How can an active writing community be fostered in the classroom?
How can I teach students that their voice matters?
How can I make writing relevant to my students?
What are students reading and how can that be brought into the classroom?
I love Edutopia. I think it’s a great teacher resource. The articles are easy to read, informative, and have great ideas. I have so many of their articles bookmarked on my iPad so that I can use the ideas in the future.
One idea that I’m really interested in is classroom libraries. Personally I think that every English/Language Arts classroom should have a class library so that students have easy access to a variety of books. It’s just something I think is really important, and I know that I want to have my own classroom library someday.
I found a great article on the importance of classroom libraries on Edutopia. You can read it here. The author talks about the different types of readers, how to bring students into the classroom library, and how to incorporate the classroom library into lessons.
What I like about the article is that it’s broken into the three sections. I like the array of ideas that are connected to a single topic. I also like how the ideas are there and are detailed enough to work with but the article isn’t overwhelming. It’s just the right amount of information to be a springboard, which for me is all I need.
Read the article. Tell me what you think.
First, a simple update. I have finished grad school! My certification paperwork is in the works. I am moving into the next chapter of life, and I am very excited about all of that. I am currently substitute teaching and looking for jobs. I am also very excited about the holidays and everything the future holds.
Now to move onto the pondering. I have a journal where I keep notes for this blog, teaching ideas, teaching resources, professional development notes, and all sorts of other job related things. This journal goes to work with me every day. And sometimes when I’m at work I just sit and think. Today I started thinking about technology and the classroom and how the two relate and all sorts of other related things. And as I thought I came up with a list of questions. I thought that here would be a great place to share those questions and see what all of you thought.
- What are good ways to use cell phones in the classroom?
- What are good ways to bring technology into the classroom?
- How can technology be used for differentiation?
- How can social media connect to English class?
- How can students connect with English class?
- How can writing be made fun and accessible?
- What are ways students can connect with older/classic texts?
- What are students reading and how can that be brought into the classroom?
- How can grammar be fun?
- How can I get my students to read on their own and on a regular basis?
- How can I make a great class library?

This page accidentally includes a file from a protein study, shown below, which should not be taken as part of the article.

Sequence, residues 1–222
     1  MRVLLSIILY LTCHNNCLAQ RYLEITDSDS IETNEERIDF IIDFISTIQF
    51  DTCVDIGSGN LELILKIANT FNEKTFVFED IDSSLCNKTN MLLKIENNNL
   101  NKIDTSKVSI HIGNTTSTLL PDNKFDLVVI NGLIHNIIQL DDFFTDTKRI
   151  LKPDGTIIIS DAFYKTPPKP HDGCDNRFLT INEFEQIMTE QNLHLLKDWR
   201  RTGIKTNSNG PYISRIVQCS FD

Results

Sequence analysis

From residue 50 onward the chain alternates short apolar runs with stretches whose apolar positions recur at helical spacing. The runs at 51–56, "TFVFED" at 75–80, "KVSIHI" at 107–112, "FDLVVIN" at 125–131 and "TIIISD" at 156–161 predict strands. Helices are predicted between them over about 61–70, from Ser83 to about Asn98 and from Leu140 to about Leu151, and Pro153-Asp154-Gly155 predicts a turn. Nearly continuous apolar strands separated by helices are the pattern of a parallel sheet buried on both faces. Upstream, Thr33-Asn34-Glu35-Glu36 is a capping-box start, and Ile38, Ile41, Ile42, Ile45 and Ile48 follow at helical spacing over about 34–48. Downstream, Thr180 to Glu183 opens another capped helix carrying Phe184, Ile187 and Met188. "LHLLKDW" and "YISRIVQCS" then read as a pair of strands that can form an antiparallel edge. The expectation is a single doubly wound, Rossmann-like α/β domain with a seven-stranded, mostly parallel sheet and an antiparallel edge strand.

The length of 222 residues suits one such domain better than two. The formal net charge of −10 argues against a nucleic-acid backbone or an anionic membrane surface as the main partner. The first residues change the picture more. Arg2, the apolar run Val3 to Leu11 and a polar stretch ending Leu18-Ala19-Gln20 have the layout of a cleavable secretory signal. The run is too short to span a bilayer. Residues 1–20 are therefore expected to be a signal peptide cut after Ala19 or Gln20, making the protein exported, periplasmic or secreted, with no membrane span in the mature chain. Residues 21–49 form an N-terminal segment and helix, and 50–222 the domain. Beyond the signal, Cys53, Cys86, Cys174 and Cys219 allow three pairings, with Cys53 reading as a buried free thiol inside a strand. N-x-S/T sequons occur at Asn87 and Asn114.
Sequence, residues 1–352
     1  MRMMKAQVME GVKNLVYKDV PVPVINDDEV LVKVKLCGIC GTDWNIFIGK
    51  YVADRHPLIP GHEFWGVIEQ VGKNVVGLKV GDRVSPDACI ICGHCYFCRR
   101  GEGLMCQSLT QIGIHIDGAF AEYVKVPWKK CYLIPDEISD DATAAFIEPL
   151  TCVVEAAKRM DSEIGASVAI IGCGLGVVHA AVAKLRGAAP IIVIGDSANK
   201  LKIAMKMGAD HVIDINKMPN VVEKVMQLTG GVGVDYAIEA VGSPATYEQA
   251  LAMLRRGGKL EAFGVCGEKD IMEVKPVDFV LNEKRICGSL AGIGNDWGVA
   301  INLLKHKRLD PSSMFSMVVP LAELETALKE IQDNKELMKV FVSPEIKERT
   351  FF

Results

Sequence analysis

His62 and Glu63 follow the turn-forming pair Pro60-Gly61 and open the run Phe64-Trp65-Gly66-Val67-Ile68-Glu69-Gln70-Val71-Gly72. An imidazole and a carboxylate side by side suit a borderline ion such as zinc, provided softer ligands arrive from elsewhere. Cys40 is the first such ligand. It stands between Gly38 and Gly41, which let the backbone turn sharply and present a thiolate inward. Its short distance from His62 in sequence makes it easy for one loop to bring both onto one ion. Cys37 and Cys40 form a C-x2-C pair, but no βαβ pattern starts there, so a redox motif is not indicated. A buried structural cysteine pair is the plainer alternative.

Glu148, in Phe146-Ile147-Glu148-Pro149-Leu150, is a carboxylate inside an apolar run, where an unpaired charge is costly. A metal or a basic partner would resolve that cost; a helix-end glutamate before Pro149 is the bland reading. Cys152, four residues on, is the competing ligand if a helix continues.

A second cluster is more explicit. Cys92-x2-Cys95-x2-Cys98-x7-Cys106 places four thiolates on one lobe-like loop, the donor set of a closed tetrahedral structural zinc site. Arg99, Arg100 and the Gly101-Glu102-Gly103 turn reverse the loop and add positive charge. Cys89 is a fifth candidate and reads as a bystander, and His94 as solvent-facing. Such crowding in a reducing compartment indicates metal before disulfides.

- What are good ways to connect texts to today’s world?
- How can I make reading and writing relevant?
I’m sure that with time I’ll add more questions to the list. And please feel free to share your own questions with me or give me your thoughts on my questions.
I think that writer’s workshops are very important. I also think that there are a variety of ways to implement writer’s workshops into the classroom and that writer’s workshops need to be implemented correctly or so much chaos could ensue.
First I want to talk a little bit about why I feel writer’s workshops are so important. I’m fairly certain that not everyone likes or will like them. And that’s OK. But hear me out before rushing towards an opinion. Writing is and of itself a very solitary activity. It’s possible to write in groups and whatnot but basically it’s the person writing, the paper, and the pen. It’s not a partying activity. But in writer’s workshops, you get to interact with people. You hear feedback and opinions and get a fresh perspective. You get to talk to people. It’s really kind of a big deal. Plus, your writing grows and develops and gets better because of everything you’re hearing.
So now that I’ve explained why I think writer’s workshops are so fabulous, I want to talk about how I think one should be run. This isn’t a time for absolute chaos or for a free for all or to just talk about anything. Writer’s workshops are about discussing writing, your writing, and how to make it better.
There are a couple of ways I think a writer’s workshop could be run. You the teacher can work individually with students while the rest of the class works independently. You can work individually with students and have the rest of the class work in partners or small groups. You can have the class work in pairs or small groups and you can float around the classroom. Any of these methods will work, depending on the makeup of your classroom, your own personal style, and the goal you are working towards.
Go forth and try something new. Maybe it’ll work and maybe it won’t. But at least you would have been bold and tried.